Photo: Alessandro Garofalo/ Indigitalimages.com

Karl Lagerfeld Hates Whining, Likes Dallas

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This year’s WWD CEO Summit featured candid discussions with fashion superstars such as Marc Jacobs and Proenza Schouler’s Jack McCollough and Lazaro Hernandez. Yesterday afternoon, Karl Lagerfeld gave an interview to Bridget Foley for the conference’s grand finale. The likes of Sarah Jessica Parker, Anna Wintour, and model Brad Kroenig and his son (and Lagerfeld’s godson), Hudson, came out for the talk. Foley began by acknowledging last year’s numerous designer shake-ups and asked Lagerfeld what makes a successful designer/fashion house relationship (he’s been at Chanel since 1983, so presumably he has a good one). “I think the important thing is that you have to be behind the label and not use it as something that pushes your fame,” said Lagerfeld, adding later that his biggest irritations are “people who create complications” and “make things messy” because they think it causes them to seem serious. “This I hate. It’s the worst.” On the subject of Chanel as a business, he boasted that he’s never attended a meeting in 31 years (“Maybe there are marketing people, but I’ve never seen them,” he laughed) and noted that the house’s owner, Alain Wertheimer, never interferes with his creative process.

But that’s not to say Lagerfeld is out of touch with the house’s business side. In fact, he embraces his role as a “commercial” designer. Well aware that his Scottish Métiers d’Art show got him “100 million Euros in free advertising” from press, he feels his outrageous sets and locations make Chanel appealing to those viewing the collections online, rather than just to “fashion freaks.” He revealed that his next show stop is Dallas, because, after Coco Chanel reopened her atelier in the fifties, Neiman Marcus and the American press were supportive, while the French were not. “The Texan detail is a little [one], but with a little detail, you can tell a whole story. And I’m a storyteller.”

Couture, according to Karl, is not dead—apparently, Chanel’s couture clientele is up from twenty years ago. And when asked about designers who think the fashion schedule is too demanding—a topic about which he’s sounded off before—Lagerfeld quipped, “Don’t tell me that story. If you accept a job, you know the conditions of the job. After a certain amount of time, don’t start to play the victim…It’s like Olympic sports. You have to keep that level. And if you think it’s too much for creativity, don’t accept. Nobody’s forcing you to do the job. I do it because I enjoy it.” Other notable tidbits included his opinion on French politics (“I pay taxes in France, but I wouldn’t pay a cent more.”), whether technology has tainted fashion (“Oh no, no. We couldn’t do without it.”) his favorite artist (Jeff Koons: “He’s the right spirit of our times.”), and his sources of inspiration (“Everything. I’m a voyeur.”). Foley ended by asking Lagerfeld what his steps to success were. Naturally, this called for a Karl-ism: “A good staircase.”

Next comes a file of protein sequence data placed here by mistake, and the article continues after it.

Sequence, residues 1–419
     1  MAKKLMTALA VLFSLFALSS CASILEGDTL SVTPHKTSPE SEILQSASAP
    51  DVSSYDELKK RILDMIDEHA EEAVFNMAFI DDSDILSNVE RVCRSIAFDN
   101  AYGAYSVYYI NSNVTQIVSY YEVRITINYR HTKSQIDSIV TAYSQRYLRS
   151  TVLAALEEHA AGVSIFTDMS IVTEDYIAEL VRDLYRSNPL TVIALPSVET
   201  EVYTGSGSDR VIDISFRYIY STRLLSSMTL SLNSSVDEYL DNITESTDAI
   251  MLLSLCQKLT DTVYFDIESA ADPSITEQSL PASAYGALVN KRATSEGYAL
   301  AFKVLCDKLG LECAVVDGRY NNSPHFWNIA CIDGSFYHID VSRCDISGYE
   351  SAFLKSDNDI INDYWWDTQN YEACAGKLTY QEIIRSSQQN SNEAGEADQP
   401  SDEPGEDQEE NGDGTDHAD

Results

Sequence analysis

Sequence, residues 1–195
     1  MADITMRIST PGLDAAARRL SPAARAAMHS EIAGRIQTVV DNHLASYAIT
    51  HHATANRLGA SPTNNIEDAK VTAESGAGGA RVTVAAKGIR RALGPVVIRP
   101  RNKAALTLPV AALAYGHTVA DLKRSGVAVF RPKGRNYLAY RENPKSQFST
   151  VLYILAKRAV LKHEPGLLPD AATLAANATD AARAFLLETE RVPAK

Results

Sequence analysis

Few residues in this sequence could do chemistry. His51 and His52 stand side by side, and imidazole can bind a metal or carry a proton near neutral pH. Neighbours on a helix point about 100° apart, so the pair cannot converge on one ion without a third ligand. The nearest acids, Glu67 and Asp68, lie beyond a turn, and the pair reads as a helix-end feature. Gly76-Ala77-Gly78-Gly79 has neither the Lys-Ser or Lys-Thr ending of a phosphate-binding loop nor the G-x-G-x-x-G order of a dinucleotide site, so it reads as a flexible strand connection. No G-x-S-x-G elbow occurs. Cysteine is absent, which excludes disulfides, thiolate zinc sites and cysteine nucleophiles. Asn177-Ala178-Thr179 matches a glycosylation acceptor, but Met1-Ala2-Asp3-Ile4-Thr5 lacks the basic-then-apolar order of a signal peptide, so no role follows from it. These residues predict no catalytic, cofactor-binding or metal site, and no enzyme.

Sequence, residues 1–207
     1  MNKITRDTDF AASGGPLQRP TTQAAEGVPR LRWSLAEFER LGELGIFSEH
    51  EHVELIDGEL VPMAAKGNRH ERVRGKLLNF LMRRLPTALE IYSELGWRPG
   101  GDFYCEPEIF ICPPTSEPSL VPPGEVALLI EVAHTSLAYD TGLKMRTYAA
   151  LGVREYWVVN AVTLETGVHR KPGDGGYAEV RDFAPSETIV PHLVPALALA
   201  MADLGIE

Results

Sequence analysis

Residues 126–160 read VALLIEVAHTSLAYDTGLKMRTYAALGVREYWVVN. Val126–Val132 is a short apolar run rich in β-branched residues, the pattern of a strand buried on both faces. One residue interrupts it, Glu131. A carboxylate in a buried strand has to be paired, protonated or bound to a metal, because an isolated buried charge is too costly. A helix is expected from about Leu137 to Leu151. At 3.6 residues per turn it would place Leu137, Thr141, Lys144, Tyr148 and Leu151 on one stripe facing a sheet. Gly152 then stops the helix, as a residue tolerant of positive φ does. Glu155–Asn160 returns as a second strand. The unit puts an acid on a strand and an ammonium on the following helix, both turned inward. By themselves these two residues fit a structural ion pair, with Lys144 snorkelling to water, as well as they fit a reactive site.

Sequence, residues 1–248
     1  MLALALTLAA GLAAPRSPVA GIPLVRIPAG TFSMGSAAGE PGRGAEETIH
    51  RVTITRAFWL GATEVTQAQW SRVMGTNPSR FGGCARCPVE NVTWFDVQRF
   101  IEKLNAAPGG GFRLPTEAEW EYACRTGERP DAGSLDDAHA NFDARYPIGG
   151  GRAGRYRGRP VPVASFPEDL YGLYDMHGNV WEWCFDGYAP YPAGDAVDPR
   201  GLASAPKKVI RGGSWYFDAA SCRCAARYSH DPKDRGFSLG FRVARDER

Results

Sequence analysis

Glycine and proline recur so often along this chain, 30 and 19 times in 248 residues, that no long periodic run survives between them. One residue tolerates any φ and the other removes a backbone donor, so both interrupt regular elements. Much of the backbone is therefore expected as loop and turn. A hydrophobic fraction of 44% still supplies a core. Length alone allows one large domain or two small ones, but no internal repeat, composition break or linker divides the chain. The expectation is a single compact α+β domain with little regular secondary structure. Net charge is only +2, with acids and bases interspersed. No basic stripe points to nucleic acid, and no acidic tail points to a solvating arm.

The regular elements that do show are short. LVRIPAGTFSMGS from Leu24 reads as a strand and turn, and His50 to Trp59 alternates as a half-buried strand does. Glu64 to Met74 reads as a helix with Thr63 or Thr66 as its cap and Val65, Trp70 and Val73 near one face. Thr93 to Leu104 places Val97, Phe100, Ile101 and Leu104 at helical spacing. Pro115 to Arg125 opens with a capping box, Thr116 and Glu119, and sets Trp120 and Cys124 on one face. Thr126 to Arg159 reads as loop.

Photo: John Aquino

Proenza Schouler: Dynamic Duo

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Proenza Schouler designers Jack McCollough and Lazaro Hernandez kicked off today’s WWD CEO Summit, participating in an engaging discussion moderated by Bridget Foley. (Karl Lagerfeld wrapped the summit this afternoon. Check back for more on that later.) The interview centered around a number of topics, namely their ascension as one of the most sought-after labels in fashion, as well as their surprisingly successful turn in the accessories business with the breakout of their PS 1 bag. “We didn’t want to put out a bag until we felt like we had something to say,” said McCollough. “It was the height of the It bag moment and at that time, all of the It bags were covered in buckles and hardware and logos, and we wanted to do the antithesis of that in a way, something more stripped down, incognito, easy-wearing. Something that could stand the test of time.”